Looking for ways to keep your battery in the best condition?  Here are a few tips on how batteries work in today's cellphone and laptop technology.

Gone are the days of having to fully charge and discharge your rechargeable batteries.  While today's batteries no longer have "memory," there are some factors that will help you get the longest (and safest) life.

Today's Li-Po or Li-Ion batteries have "life cycles" meaning they are measured in how many times they can be fully charged to 100% and then drained to 0%.  So if you have 500 life cycles to your battery and you use it fully charged down to 50%, then recharge it, you've used 1/2 of a cycle.

The Li-Po, or Lithium Polymer, batteries are the newest version of the Li-on (or Lithium Ion) battery.  Known for their longer life-span, longer charge, faster charging, smaller, lighter, and with greater amount of battery output, these batteries are a must in light-weight devices.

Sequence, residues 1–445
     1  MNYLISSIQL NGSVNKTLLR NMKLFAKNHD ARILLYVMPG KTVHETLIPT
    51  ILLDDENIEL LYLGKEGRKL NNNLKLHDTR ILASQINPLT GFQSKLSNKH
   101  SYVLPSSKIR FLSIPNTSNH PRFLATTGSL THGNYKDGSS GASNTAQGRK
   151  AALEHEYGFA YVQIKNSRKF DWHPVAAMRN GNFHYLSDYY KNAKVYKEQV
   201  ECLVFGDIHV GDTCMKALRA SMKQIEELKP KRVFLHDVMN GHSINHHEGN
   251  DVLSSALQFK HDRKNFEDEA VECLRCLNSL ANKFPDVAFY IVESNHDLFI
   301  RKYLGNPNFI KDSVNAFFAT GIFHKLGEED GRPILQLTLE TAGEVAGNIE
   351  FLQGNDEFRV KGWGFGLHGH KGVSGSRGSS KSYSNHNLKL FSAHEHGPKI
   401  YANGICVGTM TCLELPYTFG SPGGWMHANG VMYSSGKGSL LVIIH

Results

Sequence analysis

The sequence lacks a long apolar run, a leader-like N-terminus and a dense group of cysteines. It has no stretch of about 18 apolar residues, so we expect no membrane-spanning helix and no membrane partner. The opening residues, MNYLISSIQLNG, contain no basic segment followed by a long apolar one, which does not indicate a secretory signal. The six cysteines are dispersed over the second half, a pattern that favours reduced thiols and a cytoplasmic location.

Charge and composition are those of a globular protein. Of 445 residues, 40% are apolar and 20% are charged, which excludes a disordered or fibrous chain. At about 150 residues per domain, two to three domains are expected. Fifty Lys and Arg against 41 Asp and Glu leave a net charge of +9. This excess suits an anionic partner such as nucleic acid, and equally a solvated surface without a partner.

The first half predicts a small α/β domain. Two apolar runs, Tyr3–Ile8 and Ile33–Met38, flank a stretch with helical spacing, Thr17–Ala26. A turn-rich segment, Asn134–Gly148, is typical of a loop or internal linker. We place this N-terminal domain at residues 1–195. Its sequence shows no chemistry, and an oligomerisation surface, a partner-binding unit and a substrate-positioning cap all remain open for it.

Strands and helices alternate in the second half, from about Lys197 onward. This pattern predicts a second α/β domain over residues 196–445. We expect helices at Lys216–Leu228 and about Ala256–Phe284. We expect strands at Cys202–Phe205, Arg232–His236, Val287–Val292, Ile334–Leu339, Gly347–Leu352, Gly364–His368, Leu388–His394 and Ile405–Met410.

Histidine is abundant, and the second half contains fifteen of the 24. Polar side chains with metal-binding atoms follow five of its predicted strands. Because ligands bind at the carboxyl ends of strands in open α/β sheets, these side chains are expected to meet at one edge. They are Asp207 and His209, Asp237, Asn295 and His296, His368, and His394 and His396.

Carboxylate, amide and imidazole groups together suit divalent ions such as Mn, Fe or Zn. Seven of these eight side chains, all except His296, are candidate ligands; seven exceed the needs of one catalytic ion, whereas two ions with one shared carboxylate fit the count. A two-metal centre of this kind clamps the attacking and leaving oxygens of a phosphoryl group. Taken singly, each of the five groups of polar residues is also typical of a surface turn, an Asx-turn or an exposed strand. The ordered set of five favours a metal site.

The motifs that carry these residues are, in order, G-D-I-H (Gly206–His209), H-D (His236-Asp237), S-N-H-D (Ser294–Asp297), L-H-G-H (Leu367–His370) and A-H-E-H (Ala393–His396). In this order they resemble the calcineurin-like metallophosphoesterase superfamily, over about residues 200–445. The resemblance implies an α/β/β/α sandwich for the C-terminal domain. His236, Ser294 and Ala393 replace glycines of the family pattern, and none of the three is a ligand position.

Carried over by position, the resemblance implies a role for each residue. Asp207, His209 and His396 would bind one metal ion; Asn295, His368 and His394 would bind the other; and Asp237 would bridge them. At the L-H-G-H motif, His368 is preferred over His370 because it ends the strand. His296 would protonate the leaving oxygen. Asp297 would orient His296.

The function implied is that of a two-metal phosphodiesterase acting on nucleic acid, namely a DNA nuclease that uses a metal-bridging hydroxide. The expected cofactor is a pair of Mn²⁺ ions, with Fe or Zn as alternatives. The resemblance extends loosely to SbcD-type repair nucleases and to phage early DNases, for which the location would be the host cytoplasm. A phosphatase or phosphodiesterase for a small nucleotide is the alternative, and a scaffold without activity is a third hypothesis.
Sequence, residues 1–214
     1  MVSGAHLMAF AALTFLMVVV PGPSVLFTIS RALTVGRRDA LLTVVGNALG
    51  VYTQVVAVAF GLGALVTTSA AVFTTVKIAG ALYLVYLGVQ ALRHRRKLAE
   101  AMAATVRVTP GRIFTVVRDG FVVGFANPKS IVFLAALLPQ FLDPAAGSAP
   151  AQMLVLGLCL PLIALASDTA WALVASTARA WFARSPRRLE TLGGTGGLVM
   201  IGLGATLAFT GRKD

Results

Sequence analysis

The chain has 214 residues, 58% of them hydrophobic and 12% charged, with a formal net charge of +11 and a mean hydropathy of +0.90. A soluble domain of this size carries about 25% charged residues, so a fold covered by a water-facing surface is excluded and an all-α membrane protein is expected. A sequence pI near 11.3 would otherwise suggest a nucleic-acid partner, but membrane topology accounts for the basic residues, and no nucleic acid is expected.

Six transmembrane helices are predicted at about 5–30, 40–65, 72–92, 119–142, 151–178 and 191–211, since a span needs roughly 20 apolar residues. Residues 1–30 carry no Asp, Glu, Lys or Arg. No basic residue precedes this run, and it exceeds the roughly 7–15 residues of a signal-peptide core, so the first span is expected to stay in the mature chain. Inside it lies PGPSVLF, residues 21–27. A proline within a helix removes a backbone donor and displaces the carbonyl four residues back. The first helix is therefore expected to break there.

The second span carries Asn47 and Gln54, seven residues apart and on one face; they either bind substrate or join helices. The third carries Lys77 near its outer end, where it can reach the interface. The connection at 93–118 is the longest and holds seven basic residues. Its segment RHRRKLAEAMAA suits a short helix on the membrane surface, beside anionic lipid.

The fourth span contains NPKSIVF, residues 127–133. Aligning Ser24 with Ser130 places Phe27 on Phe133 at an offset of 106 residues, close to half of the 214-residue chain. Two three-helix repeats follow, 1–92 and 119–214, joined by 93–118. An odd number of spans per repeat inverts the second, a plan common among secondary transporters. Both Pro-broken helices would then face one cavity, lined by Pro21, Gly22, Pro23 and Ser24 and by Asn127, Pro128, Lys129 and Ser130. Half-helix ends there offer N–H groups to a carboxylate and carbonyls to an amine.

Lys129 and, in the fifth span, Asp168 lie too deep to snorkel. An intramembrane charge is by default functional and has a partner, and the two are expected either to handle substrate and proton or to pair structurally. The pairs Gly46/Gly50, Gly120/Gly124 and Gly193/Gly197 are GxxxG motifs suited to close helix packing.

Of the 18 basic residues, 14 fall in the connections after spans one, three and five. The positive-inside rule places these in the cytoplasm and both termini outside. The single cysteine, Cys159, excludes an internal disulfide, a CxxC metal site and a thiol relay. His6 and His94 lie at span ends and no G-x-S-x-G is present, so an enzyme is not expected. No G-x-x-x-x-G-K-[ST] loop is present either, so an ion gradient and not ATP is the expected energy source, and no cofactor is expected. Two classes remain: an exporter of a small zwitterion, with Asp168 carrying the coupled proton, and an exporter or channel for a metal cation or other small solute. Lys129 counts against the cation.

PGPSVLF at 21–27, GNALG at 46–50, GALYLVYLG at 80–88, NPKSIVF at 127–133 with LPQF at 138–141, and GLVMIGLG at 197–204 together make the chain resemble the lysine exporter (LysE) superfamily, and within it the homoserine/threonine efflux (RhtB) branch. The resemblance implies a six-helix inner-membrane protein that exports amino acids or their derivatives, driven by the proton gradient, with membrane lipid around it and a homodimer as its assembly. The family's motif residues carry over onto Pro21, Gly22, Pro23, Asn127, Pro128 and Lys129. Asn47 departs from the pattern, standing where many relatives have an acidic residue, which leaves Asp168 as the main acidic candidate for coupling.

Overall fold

While they have many advantages, LiPo cells are affected by the same problems as other lithium-ion cells. This means that overcharge, over-discharge, over-temperature, short circuit, crush and nail penetration may all result in a catastrophic failure, including the pouch rupturing, the electrolyte leaking, and fire.

Apple iPhone 3GS's Lithium-ion battery, 

which has expanded due to a short circuit failure.

First Time Charge

When using your device for the first time, it's recommended to fully charge and discharge the device once.  Completely.  Keep it on so it will discharge (not plugged in).  Then you are set to use it and charge it how you wish.